Sunday, November 12, 2017

You Don't Need a Recipe For Tea-eggs

I’m a librarian, home again after working away for most of the past year. Re-establishing my place as parent in control of the personal realm, desperately Nordic-death-cleaning the helter-skelter of the house, and getting into a writing practice are the main activities competing for my time. My spouse, Jim, and our teenage son did a good job of holding down the fort, and they have convinced me they are glad to see me back. Son grew a foot while I was away and became even more of a picky eater. He waffles between being not-hungry and being famished, largely dependent on what flavour suits his changing, discriminatory pallet. Unlike in household chores, he eagerly offers assistance with my writing. A natural at storytelling and teaching, the last three summers he has spent a week a writer’s camp.

Recently, I wandered into the kitchen to find Jim, bent over a steamy stove, checking on a dark brown broth with lemon wedges poking amidst a stew of bobbing and bubbling boiled eggs. Owl-y from job stress, he takes refuge in the surety of kitchen work and the comfort it provides.  
“What the…?” I ask.
“Mom used to make these,” (anything his mom made is sacred to us both). “They’re tea eggs,” he says, tapping around the shell melodically with the back of a spoon.
“Where’s the recipe?”
“I don’t have her recipe so I’m experimenting. Tea-eggs are street food in China and other parts of Asia.”
“Have you tried the Internet?”
“No - I’m going to recreate what I remember about her making them. You don’t need a recipe for tea-eggs.”
“Ah ha! Tea-eggs sounds like a great blog topic!”

Son, overhearing our conversation, sails into the room, confident and eager to guide my writing with instructions. “Start the interview by asking the subject to identify themself with their name,” he blurts. “Proceed with questions. After the interview, find the focus and choose the details.”
Impressive. I’m convinced he learned much of this at writing summer camp in a seminar on journalism, held around a picnic-table at Kamp Kiwanis.

Jim gives historical context, “Mom used to make these before we even had soya sauce in the fridge, when Asian cooking was considered quite exotic. For ingredients she used eggs, tea bags, water, lemon, soya sauce, spices such as bay leaf, ginger, anise, or cardamom." Here are directions, but you don’t need a recipe for tea eggs.
1.    Boil eggs for 10 minutes.
2.    Drain and crack the shell lightly with the back of a spoon.
3.    Leaving the cracked shells on the egg, place in a broth with remaining ingredients and simmer for 1 hour or longer.
4.    Store in the fridge and enjoy as a snack.
Jim says, “You can eat these eggs when you get home from school. They will be in the fridge in this funny looking brown liquid.”
The rise of an eyebrow. Teen is curious…a good sign. Helping himself to a tea-egg, he smiles!

Try making tea-eggs yourself. They have good production value; lots of ingredients, flexible additions, time-consuming so you can get into a groove, a state of flow. They are easy to prepare and relatively healthy. You don’t need a recipe, but if you want more directions you can find online information here:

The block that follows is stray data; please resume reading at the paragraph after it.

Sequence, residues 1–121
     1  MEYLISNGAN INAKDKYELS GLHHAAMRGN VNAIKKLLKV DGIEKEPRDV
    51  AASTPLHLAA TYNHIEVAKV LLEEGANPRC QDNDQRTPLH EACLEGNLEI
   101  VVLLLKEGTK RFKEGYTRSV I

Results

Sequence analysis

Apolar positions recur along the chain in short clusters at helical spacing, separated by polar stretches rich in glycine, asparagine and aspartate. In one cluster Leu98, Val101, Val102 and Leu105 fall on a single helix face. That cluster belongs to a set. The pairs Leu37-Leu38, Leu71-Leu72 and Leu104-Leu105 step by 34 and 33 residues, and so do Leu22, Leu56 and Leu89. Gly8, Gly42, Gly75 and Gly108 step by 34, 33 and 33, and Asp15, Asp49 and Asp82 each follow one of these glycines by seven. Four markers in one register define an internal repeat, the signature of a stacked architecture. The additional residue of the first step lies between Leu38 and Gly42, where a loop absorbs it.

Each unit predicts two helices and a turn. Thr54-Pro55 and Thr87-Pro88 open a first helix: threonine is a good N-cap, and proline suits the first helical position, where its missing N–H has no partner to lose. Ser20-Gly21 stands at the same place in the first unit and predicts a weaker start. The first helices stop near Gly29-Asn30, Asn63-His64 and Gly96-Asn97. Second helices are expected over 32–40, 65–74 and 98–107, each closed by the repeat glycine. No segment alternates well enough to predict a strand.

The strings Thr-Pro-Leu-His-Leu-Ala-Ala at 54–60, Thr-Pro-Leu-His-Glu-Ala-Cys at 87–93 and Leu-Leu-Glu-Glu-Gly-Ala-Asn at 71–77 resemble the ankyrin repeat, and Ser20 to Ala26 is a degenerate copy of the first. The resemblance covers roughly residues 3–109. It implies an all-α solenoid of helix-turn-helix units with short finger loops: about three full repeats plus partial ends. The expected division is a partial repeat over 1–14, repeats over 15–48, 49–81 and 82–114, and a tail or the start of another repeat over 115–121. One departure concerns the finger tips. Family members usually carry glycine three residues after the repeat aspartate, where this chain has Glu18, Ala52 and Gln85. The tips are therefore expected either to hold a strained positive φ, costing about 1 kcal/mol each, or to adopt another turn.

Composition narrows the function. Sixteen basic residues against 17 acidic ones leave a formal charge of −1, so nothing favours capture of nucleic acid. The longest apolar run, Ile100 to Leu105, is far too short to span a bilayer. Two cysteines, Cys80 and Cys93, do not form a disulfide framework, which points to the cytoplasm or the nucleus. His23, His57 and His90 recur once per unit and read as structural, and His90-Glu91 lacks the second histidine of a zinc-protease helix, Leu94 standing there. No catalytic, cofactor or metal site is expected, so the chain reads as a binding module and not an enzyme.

Thursday, September 21, 2017

UNESCO International Literacy Day at Maskwacis Cultural College

It’s been almost two years since the Government of Canada published the 2015 Truth and Reconciliation Commission on Indian Residential Schools Recommendations. Since then, I see Alberta public libraries selecting more Indigenous resources and doing collaborative programming with Rotary Clubs or associations such as Community Adult Learning. Regional Library Systems have received funding from the Province of Alberta to address gaps in library services. Yet there is more work to be done to improve literacy outcomes and the indigenous/settler relationship. This fall I increased my understanding of reconciliation — on UNESCO International Literacy Day, September 13, 2017, I visited Maskwacis Cultural College where Learning Team Leader, Manisha Khetarpal, had organized a day of presentations. I learned that cross-cultural understanding of literacy is fundamental. Through storytelling and developing digital literacy skills we can exchange information to help with this learning. And libraries can provide the space, tools, expertise and opportunities for developing cross-cultural awareness.

The day opened with Dr. Claudine Louis urging students to reclaim knowledge that has brought us here. She said elders are wise and have a lot to share. How have you survived? What knowledge is embedded in language? Work to build relationships and make your own definition of literacy. “You are what your ancestors prayed for,” she said.

Voices of Amiskwaciy, Stories from Indigenous Edmonton, is an Edmonton Public Library initiative to create positive change through digital literacy. Carla Iacchelli and Lese Skidmore from EPL shared that the project is grounded in the values of collaboration, respect, sharing, learning and growing. People can make a 2 – 5 minute story, video or recording of a personal experience, add music or other multimedia, and publish it through the Amiskwaciy web site. EPL provides learning support for writing, publishing, technology skills, multimedia software editing skills, and ethics in storytelling. To participate you can borrow a digital storytelling kit, attend a workshop, or contact staff individually. Find out more at